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A Letter to Skip Bayless

I never thought I would be writing an op-ed for a sports journalism organization. But I’m infuriated. Infuriated is not the right word for it—I feel a deep sense of sorrow, of anguish, of sadness and severe disappointment after hearing Skip Bayless’ comments about Dak Prescott today. This is a topic I can’t remain silent on, because I’ve been in Dak’s shoes before.

My name is Matthew Blaustein. From the outside, I’m a 6’4” college sophomore with a scruffy beard who constantly has a goofy smile on his face, loves playing Mario Kart with his friends, hits the gym as much as possible, and, most of all, loves watching and writing about sports. I’m pretty much the prototypical “gentle giant”. But on the inside, I’m still very much the third grader who was seeing a therapist once every two weeks for depression. It’s been twelve years and depression has remained a constant in my life each and every day. 

Depression manifests in many different ways. For me, it mostly manifests in a low attention span. Things like writing articles for TWSN, producing music, designing a rush logo for clothes for my fraternity, and even spending time with friends and loved ones—depression disallows my brain to focus and enjoy these things. My depression also comes in different waves: on some days I can barely get out of bed and choose to lay still and cry; on others, I can go along my day relatively normally with a smile on my face. But depression never hasand never will be — something I am ashamed of.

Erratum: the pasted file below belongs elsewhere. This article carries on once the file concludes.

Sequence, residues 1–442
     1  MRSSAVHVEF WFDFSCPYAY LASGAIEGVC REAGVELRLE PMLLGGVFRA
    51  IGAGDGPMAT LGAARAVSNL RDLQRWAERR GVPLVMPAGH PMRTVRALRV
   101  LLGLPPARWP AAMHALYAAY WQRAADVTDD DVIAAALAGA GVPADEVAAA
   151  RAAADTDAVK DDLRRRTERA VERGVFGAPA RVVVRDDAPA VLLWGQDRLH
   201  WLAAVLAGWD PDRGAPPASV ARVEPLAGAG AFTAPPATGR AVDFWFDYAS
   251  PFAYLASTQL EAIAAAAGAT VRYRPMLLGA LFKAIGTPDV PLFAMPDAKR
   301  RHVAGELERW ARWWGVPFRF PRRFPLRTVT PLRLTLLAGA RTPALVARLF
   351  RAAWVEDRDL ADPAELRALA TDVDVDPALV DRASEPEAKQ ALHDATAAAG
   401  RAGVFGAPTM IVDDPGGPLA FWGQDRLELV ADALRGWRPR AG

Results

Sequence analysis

Mr. Bayless, depression is not a weakness. Interpreting it as such only adds to the stigma myself and millions of other people fight every single day. Individuals battling depression are capable of absolutely amazing things—for example, my depression has fueled me to produce over one-hundred songs, write acclaimed articles for my local newspaper, get into my dream school (the University of Wisconsin-Madison), take greater risks, and most of all, form valuable bonds with numerous people that have made my life absolutely incredible. 

I empathize with Dak Prescott on a large scale. Like Dak, I have lost a loved one—my father in January 2019—and I understand how the aftermath feels. You feel hopeless, directionless. All five stages of grief come to hit you full-force. You feel like there is nothing left to live for. But while the loss of my father was gradual (he fought a twelve-week battle against a relapse of thymic cancer after fourteen years in remission), Dak’s was sudden. A one-day event. To not get the chance to say goodbye to a loved one is incredibly scarring for an individual, especially when the loss involves suicide.

And, as far as I’m concerned, Dak handled the traumatic loss of his brother amazingly. His ability to speak publicly about his feelings about his brother’s suicide and how people shouldn’t be ashamed of their mental wellness is praiseworthy. If anything, Dak Prescott has solidified himself as a class act in my eyes.

So, Mr. Bayless, I am not calling for your termination like many other people are. Instead, I ask that you spend some time learning about mental health, how it manifests in different people, and why it is nothing to be ashamed of. Depression does not make you a lesser person or a weaker leader. It is okay to not be okay, and it takes a massive amount of courage to display the feelings Dak did. While I’m a diehard Green Bay Packer fan, you can be sure I’m buying a Dak Prescott jersey now. Mental health matters.

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